unauthenticated PDS are cautioned against potential MITM or PDS
   impersonation attacks.  This framework requires that a device reject
   sensitive data, such as credentials, from unauthenticated local-
   network sources.  It also prohibits devices from responding to
   authentication challenges in the absence of TLS on all hops as a
   result of using a SIPS URI.  Responding to unauthenticated challenges

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   allows for dictionary attacks that can reveal weak passwords.  The
   only exception to accepting such sensitive data without
   authentication of the PDS is in the case of bootstrapping (see
   Section 5.3.1).  In the case of bootstrapping, the methods employed
   need to be aware of potential security threats such as impersonation.

   SIP Identity is useful for the device to validate notifications in
   the absence of a secure channel such as TLS when a SIPS URI is used.
   In such cases, the device can validate the SIP Identity header to
   verify the source of the profile notification, and the source of the
   profile data when content indirection is not used.  However, the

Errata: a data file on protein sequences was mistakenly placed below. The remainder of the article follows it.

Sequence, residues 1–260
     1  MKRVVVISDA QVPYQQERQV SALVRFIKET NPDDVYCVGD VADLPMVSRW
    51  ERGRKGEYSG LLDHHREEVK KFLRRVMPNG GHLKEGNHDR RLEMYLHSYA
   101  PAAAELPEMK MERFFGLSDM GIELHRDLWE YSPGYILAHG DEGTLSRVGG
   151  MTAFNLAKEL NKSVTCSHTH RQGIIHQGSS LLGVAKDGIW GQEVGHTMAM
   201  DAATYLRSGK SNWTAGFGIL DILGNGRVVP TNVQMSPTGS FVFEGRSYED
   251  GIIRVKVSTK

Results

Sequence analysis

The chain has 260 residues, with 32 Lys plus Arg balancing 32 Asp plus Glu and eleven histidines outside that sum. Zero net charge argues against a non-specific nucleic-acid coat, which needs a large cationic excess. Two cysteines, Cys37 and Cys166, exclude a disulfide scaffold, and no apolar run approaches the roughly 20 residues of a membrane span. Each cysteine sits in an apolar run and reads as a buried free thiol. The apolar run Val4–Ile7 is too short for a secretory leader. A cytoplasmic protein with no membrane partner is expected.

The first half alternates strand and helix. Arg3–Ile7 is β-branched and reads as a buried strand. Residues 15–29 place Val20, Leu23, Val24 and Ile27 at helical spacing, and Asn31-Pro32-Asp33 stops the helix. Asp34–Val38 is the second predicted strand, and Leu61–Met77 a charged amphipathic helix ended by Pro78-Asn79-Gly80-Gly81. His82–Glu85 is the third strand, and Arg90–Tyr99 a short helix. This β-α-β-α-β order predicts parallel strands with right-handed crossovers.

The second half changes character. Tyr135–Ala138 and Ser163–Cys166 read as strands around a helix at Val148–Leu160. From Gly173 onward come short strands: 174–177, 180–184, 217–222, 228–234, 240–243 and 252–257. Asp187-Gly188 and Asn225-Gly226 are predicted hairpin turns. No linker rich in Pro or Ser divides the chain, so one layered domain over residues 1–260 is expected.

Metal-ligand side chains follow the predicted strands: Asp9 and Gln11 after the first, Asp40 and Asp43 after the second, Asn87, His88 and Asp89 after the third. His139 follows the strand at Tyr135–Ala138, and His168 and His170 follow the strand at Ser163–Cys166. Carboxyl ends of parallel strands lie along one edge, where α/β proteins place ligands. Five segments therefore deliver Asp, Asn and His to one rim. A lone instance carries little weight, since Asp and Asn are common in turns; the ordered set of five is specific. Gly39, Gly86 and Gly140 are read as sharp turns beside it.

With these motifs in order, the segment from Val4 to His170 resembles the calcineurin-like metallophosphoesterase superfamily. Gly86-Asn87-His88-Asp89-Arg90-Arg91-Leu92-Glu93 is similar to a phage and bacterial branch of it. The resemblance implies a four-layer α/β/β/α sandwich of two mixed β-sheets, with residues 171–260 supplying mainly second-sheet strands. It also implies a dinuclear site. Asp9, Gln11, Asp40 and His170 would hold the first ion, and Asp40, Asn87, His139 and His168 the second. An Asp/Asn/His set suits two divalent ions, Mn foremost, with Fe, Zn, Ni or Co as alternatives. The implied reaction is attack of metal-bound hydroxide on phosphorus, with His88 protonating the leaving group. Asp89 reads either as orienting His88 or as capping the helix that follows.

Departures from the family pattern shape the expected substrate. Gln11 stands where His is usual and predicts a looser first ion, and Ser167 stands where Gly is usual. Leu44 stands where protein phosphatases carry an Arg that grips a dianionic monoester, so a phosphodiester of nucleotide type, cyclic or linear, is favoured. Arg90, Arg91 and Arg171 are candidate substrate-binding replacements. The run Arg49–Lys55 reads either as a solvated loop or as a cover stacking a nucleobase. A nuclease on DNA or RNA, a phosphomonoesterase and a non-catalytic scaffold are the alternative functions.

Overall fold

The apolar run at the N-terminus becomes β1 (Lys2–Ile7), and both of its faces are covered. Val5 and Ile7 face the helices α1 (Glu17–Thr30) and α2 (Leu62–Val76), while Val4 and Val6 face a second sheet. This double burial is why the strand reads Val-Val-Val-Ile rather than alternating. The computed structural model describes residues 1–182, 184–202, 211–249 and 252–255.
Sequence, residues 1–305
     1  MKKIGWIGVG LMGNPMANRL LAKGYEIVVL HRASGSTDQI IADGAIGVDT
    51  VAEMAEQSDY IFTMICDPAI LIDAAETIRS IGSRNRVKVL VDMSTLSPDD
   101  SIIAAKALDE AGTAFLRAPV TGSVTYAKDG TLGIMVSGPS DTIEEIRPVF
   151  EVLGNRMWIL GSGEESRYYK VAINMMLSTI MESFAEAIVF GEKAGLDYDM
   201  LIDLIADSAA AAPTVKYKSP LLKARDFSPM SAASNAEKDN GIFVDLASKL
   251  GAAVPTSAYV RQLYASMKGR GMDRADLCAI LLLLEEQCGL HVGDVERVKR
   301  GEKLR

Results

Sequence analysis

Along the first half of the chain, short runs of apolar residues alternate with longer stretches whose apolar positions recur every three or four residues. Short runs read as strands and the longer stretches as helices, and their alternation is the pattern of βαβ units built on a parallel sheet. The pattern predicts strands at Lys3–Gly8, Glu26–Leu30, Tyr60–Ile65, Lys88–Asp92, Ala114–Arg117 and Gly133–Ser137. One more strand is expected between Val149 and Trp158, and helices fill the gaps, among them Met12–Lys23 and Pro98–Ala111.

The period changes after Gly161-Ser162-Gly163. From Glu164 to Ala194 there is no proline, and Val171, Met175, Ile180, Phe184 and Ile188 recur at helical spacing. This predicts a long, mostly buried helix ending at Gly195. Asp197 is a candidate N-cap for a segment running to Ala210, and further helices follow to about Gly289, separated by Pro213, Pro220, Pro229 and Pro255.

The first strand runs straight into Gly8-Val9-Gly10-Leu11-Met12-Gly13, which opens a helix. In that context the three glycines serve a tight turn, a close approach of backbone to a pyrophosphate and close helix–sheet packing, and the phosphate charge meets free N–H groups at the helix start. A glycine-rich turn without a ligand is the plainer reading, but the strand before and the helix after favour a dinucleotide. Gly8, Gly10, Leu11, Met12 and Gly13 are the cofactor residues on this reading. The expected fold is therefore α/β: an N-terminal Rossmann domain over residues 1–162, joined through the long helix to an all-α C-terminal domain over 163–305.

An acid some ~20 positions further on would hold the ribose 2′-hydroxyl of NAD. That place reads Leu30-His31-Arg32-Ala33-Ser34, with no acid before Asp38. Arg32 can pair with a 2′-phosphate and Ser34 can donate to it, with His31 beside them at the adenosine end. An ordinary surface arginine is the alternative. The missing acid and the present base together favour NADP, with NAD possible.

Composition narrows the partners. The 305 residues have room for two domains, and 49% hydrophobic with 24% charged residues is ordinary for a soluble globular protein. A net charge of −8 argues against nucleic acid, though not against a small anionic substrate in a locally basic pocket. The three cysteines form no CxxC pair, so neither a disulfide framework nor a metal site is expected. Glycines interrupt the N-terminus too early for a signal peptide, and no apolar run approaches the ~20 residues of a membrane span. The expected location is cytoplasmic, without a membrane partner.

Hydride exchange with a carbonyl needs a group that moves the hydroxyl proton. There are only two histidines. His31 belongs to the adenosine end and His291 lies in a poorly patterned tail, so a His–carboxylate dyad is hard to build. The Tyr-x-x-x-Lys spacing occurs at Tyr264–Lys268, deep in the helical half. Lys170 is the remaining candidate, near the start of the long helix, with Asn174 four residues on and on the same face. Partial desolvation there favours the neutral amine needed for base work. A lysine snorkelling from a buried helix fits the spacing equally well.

presence of the header does not guarantee the validity of the data.
   It verifies the source and confirms data integrity, but the data
   obtained from an undesired source may still be invalid, e.g., invalid
   outbound proxy information, resulting in DoS.  Thus, devices
   requesting the local-network profile from unknown networks need to be
   prepared to discard information that prevent retrieval of other,
   required, profiles.

9.2.  Device Profile

   Device profiles deal with device-specific configuration.  They may be
   provided to unknown devices that are attempting to obtaining profiles
   for purposes such as trials, self-subscription (not to be confused
   with [RFC3265]), and emergency services [PHONEBCP].

   This framework allows the device profile to be used for bootstrapping
   a device.  Such bootstrapping profile data may contain enough
   information to connect to a Provider.  For example, it may enable the
   device to communicate with a device provider, allowing for trial or
   self-subscription services via visual or audio interfaces (e.g.,
   interactive voice response), or customer service representatives.
   The profile data may also allow the device a choice of device
   providers and allow the end-user to choose one.  The profile data may
   also contain identities and credentials (temporary or long-term) that
   can be used to obtain further profile data from the network.  This